Taking on Pakistan’s “military-jihadi” nexus

January 13, 2010
The fenced border between India and Pakistan

The fenced border between India and Pakistan

It’s the start of a year and there is some path-breaking thinking going on in Pakistan as it seeks to get back on track. This article takes on the so-called “military-jihadi nexus” that some blame for pushing a modern nation of 170 million people with a strong middle class to the edge.  Dr Manzur Ejaz writing in the Daily Times says this may be the year the military takes on the demons within and goes after each and every militant group including those closely nurtured by it. Not because it has had a change of heart, but because circumstances will force it .

The chief is that the state of Pakistan – where the military enjoys immense privileges – is itself under threat.  And it was to safeguard the state, that the military moved against the Taliban and other militant organisations in 2009, not just under U.S. pressure, he argues.

“The military may have realised that if it goes on the same old path, the state may be faced with bigger disasters. Lawlessness and a collapsing economy may affect the military’s viability and its own privileges,” he says, adding that the military has concluded that a democratic discourse and rehabilitation of the state’s basic institutions may be the only way to save the country.

And above all, looming large is the rise of India as an economic power which some in Delhi see as a game-changer in the region  just as China’s rise is shaking up the world. Not even India’s incompetent politicians and deathly bureaucracy can stop it growing at 8-9 percent for the next few years,  a government official told me, only half-in-jest. It may not be enough to pull up all of India’s poor, but the sheer rise of a nation of a billion people will be enough to set off waves in its immediate neighbourhood.

“The (Pakistan)  military knows fully well that if India continues its stunning growth and Pakistan keeps on sinking, it will not remain competitive. Pakistan will thus be conceived as a basket case in the neighbourhood of a giant, India. Therefore, to compete with India, economic growth is absolutely necessary, which in turn depends upon strengthening of state institutions and elimination of lawlessness at all levels of society,” writes Ejaz.

Indeed the rise of China and India as world powers is so dramatic that recognising the reality of this tectonic shift  should be at the center of any current strategies for both Pakistan and Afghanistan, says Masood Aziz, a former Afghan diplomat in Washington D.C.  in an essay in the New Atlanticist.  “In fact, this geographic area is now at the very center of global economic forces that may alter the political and economic landscape of the entire region.”

Comments

Pakistan has very talented people. One can see them excel in many fields ranging from sports, music, poetry etc. They got messed up by their military rulers and Mullahs. They are at the very edge of falling into a chaos. If they can manage to turn around and build themselves back, Pakistan can be one of the most progressive nations in the sub-continent. Hope Pakistan will come out of the brink as quickly as it can. It will work out good for everyone in the region.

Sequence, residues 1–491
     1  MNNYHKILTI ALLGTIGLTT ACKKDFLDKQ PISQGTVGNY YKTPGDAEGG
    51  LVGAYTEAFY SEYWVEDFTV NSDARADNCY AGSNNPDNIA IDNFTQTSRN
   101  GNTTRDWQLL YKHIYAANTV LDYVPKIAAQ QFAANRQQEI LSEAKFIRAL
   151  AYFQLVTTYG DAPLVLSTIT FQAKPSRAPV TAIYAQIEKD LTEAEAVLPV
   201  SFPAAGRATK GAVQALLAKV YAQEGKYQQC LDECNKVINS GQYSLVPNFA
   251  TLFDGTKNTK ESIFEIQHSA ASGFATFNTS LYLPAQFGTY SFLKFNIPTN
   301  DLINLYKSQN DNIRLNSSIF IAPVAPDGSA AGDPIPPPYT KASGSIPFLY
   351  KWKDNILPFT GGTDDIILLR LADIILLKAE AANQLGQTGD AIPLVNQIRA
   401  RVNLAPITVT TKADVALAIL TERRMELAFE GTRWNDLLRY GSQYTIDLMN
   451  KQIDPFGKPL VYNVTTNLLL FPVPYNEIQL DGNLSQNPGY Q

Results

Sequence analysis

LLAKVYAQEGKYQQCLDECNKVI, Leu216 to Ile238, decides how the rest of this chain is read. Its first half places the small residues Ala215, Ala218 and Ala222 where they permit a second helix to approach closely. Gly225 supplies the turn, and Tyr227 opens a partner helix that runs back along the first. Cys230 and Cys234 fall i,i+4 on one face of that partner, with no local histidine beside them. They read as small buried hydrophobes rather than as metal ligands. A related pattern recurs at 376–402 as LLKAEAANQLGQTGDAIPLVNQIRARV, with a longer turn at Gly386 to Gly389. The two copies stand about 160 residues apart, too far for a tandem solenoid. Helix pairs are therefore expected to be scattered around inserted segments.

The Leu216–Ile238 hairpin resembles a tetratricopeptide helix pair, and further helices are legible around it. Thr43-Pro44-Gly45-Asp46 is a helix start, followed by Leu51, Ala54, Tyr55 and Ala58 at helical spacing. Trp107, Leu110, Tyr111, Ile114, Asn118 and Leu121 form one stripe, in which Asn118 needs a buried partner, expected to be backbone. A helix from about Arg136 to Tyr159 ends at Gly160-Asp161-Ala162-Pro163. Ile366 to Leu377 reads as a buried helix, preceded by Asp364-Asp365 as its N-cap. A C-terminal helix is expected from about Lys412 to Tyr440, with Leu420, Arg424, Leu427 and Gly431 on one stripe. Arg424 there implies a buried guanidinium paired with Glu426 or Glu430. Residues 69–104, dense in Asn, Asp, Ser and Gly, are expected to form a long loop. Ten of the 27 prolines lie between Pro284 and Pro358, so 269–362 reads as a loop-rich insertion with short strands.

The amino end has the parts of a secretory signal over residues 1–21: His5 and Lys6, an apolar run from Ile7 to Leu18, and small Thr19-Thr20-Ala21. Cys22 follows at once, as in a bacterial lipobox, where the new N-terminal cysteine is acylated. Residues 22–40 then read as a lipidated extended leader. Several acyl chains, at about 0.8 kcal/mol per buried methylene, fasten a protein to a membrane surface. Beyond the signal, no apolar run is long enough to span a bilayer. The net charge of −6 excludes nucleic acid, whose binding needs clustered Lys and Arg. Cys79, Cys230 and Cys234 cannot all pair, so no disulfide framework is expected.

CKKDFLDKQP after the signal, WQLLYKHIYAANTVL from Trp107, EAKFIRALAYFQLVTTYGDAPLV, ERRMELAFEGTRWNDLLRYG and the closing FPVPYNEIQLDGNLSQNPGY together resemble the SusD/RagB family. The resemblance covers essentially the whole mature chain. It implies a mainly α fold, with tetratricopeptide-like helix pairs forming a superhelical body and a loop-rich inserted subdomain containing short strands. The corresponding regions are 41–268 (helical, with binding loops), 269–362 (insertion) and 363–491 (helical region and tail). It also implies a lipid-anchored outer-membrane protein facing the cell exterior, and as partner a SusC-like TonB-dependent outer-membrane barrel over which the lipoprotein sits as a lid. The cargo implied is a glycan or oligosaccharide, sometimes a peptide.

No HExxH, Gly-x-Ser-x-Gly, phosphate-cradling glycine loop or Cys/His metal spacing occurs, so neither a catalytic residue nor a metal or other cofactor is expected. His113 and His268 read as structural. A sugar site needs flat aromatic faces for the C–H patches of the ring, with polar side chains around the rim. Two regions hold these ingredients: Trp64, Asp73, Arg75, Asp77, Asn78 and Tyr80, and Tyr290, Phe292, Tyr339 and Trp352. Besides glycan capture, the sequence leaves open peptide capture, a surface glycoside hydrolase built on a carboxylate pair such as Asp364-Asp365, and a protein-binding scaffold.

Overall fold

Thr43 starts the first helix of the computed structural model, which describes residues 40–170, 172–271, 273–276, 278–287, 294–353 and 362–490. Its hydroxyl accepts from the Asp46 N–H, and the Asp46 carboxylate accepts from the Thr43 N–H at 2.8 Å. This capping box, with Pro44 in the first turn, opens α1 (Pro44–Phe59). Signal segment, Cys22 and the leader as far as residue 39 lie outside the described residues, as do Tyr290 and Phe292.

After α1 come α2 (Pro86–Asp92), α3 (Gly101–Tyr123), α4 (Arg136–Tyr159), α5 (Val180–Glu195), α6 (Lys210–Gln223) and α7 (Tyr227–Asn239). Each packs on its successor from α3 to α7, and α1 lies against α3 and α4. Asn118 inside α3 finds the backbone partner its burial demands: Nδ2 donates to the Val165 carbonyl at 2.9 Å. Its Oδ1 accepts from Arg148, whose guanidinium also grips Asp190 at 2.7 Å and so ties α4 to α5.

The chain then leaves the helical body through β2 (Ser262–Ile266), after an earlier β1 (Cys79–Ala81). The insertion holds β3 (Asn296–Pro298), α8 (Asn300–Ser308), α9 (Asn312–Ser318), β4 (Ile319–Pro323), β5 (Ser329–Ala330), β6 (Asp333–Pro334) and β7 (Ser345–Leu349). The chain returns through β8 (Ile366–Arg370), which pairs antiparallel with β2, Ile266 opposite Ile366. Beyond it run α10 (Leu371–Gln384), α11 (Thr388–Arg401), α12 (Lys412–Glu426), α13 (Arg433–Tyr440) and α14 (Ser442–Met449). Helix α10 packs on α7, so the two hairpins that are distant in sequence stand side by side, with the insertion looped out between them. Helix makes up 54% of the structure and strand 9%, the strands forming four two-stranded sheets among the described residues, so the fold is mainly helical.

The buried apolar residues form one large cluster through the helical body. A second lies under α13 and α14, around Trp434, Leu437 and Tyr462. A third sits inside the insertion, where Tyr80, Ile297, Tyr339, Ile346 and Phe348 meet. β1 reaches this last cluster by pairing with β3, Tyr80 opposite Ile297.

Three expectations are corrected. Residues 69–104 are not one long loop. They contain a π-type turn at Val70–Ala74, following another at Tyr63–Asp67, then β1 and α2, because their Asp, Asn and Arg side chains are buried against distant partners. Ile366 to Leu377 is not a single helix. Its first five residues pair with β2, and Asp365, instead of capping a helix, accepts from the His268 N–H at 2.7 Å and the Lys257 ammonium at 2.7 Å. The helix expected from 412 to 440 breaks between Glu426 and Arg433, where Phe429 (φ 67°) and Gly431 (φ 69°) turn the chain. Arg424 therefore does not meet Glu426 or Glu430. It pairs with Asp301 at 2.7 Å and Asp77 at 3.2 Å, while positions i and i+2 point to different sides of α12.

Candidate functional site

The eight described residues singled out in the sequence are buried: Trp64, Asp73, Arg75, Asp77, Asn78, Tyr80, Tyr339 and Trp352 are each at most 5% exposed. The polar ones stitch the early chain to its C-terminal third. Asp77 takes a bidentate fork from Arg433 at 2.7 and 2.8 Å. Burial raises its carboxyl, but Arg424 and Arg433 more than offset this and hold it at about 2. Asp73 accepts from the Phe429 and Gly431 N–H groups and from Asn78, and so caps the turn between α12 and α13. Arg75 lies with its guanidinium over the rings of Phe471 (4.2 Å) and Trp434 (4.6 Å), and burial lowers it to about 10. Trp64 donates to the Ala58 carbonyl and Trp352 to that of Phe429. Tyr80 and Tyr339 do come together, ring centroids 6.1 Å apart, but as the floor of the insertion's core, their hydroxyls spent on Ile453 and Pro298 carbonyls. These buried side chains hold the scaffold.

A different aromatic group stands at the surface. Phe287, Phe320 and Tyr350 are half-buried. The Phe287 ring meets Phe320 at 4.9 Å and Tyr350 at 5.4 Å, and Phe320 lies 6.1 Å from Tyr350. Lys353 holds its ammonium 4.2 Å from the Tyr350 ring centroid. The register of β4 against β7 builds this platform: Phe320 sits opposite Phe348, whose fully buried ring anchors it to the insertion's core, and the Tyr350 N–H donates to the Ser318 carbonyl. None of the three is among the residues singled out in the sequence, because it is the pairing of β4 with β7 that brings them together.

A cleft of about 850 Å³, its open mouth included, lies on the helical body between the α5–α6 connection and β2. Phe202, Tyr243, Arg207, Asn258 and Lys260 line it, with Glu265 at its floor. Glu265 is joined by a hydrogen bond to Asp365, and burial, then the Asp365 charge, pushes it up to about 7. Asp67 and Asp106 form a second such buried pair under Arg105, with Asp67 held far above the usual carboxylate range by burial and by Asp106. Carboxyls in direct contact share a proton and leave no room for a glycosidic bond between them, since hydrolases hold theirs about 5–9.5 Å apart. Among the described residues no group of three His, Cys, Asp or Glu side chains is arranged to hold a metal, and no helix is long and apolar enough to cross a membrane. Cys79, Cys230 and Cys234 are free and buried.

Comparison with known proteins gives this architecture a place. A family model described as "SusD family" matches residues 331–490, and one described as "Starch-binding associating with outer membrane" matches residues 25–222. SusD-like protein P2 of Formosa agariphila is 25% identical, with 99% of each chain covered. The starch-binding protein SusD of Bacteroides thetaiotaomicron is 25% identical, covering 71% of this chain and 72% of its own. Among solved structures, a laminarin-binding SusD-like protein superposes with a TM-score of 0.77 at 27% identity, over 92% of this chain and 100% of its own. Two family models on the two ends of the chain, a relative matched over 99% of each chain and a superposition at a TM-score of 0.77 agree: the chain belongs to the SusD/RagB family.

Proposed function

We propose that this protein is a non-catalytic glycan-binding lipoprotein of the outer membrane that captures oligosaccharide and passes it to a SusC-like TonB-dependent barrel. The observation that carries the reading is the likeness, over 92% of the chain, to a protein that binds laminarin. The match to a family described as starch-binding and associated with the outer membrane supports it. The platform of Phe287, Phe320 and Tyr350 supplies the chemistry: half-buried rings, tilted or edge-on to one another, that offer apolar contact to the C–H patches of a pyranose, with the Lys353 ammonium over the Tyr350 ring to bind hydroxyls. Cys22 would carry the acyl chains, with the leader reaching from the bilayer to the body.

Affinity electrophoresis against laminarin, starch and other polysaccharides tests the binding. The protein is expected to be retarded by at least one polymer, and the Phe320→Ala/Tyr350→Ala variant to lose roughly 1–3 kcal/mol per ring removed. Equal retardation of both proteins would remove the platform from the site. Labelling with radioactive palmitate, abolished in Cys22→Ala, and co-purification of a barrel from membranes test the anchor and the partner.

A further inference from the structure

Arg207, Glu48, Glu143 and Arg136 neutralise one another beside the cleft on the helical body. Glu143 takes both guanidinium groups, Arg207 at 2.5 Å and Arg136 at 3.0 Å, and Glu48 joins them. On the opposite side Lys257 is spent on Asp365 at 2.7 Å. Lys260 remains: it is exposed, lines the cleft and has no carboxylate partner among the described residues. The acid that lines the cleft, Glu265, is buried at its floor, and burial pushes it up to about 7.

Posted by KPSingh01 | Report as abusive
 

What Mansur Ejaz has written is sensible. It seems circumstances have forced and will continue to force Pakistan’s military to reevaluate their strategies vis-a-vis the insurgency in Afghanistan, and their support of islamist politics in Pakistan. But if the Military do make a serious effort to remedy the problems of Pakistan they will only do so on their own terms. This means making sure they don’t lose their position of power within the country. So although the military may finally take on the militants properly and allow state institutions to grow, they will not give up the disproportionate role they play in the country’s economy and politics. They will still be allowed to determine their own budget, remain Pakistan’s largest landowner, continue to influence political parties and government decisions, and they will still answer only to themselves, not the elected government.
I’m also sceptical that they are going to stop funding and training militants to ply jihad against India. They can’t compete militarily so using militants against India is a good investment.

Posted by Mekeritrig | Report as abusive
 

at some point, the indian and pakistan government and military are going to have to stop lookin at each other with animosity and hostility and work together. In general pakistanis still have some fondness for india. we are from the same blood. it was the british who mainly caused our conflicts. if anything pakistanis look at india and say “why not us”. if pakistan falls into the militants hands, it is bound to have an impact in india.pakistan needs to let go of the hands of saudia arabia,egypt, and the arabs and join hands with india, afghanistan and iran and help get rid of the militancy once and for all.

Posted by sidrock23 | Report as abusive
 

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